The existing planning permission was for a larger dwelling than I needed so Susan was confident that a more modest scheme would be approved but due to Covid we were uncertain how long the process could take. Our planning application was submitted just before the first Covid lockdown.

Thankfully we were able to develop the detailed design and construction drawings, and get Building Control approval during the planning process. That meant construction started on site almost immediately after gaining planning permission.

Although there had already been a house on the site we needed completely new services including a new below ground electrical connection, new mains drainage and gas supply. I was very glad that I had Susan to deal with these issues as these all proved to be more complicated to organise than first thought.

home made for retirement

How did the demolition work go?

The two biggest issues that arose were actually due to the existing single storey cottage on the site. Prior to starting work, we had to get a specialist company to remove the existing soffit boards as they contained asbestos.

Then, when demolition started, the builder discovered the attached two storey modern property had not been built independently as originally thought and that some parts of the external leaf of the adjoining wall had been built up from the original stone wall of the cottage.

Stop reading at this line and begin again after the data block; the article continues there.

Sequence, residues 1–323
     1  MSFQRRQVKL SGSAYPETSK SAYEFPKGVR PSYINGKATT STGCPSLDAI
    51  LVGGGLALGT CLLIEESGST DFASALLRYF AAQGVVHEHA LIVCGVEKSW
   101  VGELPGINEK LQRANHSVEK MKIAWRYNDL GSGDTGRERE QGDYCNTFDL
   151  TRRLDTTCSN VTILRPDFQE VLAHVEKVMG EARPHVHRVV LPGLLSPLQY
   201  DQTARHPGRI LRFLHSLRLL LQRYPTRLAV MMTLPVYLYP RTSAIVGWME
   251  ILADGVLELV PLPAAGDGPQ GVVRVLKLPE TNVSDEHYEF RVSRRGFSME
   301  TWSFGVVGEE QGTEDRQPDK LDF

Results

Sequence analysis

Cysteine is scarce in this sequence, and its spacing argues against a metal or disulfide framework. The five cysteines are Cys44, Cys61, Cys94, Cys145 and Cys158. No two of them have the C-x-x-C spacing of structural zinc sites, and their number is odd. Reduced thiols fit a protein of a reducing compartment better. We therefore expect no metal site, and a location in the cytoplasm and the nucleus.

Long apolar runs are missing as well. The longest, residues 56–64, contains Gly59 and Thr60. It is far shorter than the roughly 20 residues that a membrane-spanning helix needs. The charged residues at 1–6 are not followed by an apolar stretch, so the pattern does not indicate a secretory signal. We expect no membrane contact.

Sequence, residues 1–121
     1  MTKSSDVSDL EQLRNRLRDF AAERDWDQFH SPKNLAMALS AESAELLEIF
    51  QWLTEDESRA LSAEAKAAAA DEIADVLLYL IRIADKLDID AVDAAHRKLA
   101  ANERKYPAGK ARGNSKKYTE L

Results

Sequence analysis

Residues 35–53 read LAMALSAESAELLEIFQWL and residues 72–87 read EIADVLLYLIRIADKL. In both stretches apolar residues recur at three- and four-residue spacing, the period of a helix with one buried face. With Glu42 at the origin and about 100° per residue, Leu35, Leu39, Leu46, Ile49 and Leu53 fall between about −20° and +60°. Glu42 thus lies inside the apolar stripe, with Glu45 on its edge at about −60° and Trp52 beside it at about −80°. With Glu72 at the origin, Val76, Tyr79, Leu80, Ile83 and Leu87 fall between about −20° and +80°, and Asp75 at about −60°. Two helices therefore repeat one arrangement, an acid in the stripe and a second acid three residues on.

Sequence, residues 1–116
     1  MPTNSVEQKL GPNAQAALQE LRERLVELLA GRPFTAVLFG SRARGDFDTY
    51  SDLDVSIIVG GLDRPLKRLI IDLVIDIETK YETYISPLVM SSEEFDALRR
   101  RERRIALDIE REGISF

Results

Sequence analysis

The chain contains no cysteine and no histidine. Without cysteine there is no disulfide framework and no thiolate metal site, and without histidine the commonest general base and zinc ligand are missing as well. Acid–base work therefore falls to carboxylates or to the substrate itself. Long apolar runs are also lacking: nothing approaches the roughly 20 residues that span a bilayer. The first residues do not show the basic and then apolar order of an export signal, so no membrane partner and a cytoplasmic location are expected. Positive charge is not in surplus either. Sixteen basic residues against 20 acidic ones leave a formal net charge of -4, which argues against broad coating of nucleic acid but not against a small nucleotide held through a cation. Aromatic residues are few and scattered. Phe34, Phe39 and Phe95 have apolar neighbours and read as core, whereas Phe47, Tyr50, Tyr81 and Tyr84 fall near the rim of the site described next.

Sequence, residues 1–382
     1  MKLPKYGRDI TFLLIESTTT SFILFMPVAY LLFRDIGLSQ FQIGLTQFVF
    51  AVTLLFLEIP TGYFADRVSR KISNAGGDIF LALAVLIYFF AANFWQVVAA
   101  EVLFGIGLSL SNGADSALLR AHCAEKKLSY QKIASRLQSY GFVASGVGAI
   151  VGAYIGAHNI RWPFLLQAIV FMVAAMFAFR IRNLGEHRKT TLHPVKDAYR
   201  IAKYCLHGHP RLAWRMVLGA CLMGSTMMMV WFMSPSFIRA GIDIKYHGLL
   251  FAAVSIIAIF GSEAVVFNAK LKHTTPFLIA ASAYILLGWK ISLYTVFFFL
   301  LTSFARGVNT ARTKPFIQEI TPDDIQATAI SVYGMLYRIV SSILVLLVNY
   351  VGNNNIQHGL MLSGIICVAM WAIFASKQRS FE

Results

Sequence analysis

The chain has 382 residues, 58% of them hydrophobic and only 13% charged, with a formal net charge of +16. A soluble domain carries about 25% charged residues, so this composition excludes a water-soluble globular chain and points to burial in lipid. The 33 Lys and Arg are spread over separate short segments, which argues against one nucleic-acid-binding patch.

The structural engineer had to agree a solution with Building Control and we ended up needing to retain and underpin the stone wall whilst also building a new cavity wall to allow the new cottage to be structurally independent.

How did you get your new house built?

We worked with a local builder who had been recommended to us and we decided on traditional construction methods which they were familiar with.

The concrete block cavity walls have traditional sand and cement external render that is painted white with a grey base that follows the height of the ground floor concrete window cills. The roof is profiled fibre cement sheets which is more commonly used on agricultural buildings and was very conomical.